ISSN 2330-717X

Earliest Mediterranean Cheese Production Revealed By Pottery Over 7,000 Years Old

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Fatty acids detected on potsherds from Croatian archaeological sites contain evidence of the earliest known cheese production in the Mediterranean region, according to a study published in the open-access journal PLOS ONE by Sarah McClure of the Pennsylvania State University and colleagues.

Access to milk and cheese has been linked to the spread of agriculture across Europe starting around 9,000 years ago. But evidence for cheese production in the Mediterranean has, until now, dated back only as far the beginning of the Bronze Age, around 5,000 years ago. In this study, McClure and colleagues analyzed stable carbon isotopes of fatty acids preserved on potsherds from two Neolithic villages on the Dalmatian coast east of the Adriatic Sea and found direct evidence for much earlier production of cheese.

The two villages, Pokrovnik and Danilo Bitinj, were occupied between 6000 and 4800BCE and preserve several types of pottery across that age range. The analysis found evidence of milk, along with meat and fish, throughout this period and evidence of cheese starting around 5200BCE. The residents of these villages appear to have used specific pottery types for the production of different foods, with cheese residue being most common on rhyta and sieves.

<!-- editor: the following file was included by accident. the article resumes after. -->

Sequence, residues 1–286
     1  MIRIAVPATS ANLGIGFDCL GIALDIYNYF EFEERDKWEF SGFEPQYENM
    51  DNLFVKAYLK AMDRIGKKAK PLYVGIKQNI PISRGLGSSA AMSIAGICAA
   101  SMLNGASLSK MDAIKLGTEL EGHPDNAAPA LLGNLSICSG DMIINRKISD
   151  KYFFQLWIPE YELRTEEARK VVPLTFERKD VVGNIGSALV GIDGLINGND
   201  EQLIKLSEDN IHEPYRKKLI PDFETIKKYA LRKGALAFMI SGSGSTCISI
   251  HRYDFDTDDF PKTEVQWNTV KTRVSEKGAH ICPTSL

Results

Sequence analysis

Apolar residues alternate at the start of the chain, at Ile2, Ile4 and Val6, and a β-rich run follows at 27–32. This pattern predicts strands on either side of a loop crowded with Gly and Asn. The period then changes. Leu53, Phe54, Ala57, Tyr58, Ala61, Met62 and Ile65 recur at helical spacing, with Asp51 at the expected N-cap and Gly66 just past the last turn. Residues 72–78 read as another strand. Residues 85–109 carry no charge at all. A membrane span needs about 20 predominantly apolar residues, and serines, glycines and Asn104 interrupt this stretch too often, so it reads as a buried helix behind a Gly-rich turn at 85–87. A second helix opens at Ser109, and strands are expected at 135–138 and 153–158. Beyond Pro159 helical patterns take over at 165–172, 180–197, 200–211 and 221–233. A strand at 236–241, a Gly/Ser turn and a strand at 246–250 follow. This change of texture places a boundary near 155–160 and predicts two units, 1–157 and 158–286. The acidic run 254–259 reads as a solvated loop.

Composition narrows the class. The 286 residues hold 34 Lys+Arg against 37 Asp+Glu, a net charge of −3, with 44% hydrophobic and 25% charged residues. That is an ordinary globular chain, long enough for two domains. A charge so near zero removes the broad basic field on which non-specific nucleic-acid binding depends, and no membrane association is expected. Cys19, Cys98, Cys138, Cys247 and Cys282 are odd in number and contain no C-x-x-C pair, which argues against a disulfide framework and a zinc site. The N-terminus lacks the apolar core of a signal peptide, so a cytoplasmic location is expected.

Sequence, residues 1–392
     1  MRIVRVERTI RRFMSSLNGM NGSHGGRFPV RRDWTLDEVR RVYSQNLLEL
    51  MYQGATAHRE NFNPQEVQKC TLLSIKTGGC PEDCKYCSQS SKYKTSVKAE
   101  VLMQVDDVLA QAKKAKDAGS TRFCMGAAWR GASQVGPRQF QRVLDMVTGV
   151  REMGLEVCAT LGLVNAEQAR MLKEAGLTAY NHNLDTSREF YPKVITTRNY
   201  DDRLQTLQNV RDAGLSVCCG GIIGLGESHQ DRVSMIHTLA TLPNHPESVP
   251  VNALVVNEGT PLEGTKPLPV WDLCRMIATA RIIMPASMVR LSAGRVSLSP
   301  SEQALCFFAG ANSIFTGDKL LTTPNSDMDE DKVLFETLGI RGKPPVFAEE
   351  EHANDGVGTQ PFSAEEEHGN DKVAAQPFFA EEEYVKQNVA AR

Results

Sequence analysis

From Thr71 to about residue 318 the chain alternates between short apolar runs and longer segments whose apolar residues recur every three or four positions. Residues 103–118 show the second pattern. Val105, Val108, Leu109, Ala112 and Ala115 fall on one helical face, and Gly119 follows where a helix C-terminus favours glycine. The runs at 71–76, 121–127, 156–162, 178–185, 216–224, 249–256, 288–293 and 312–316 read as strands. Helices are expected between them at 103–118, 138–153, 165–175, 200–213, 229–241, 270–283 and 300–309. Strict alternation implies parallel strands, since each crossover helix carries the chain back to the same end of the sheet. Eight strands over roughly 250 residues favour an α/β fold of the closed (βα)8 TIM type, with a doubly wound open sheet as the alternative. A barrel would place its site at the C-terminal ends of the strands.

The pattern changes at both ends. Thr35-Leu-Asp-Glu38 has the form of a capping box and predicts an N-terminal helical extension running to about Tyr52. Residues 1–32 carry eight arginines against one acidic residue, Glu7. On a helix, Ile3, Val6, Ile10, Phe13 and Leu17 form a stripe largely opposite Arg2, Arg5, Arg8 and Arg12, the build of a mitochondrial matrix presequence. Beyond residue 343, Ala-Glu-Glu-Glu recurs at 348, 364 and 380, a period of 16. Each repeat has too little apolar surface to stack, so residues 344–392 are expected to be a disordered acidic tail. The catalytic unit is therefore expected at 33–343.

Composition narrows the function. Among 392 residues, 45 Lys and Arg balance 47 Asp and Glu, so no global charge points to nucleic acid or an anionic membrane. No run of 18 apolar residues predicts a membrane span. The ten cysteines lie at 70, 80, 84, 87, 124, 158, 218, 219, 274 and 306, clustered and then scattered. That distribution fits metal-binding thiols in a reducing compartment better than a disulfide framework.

These data indicate that cheese was established in the Mediterranean by 7,200 years ago when fermented dairy products, being easily storable and relatively low in lactose content, would have been an important source of nutrition for all ages in early farming populations. The authors thus suggest that cheese production and associated ceramic technology were key factors aiding the expansion of early farmers into northern and central Europe.

This research presents the first evidence of cheese production through identified stages of dairy fermentation in functionally specific vessels in the Mediterranean region over 7000 years ago. We suggest that milk and cheese production among Europe’s early farmers reduced infant mortality and helped stimulate demographic shifts that propelled farming communities to expand to northern latitudes.


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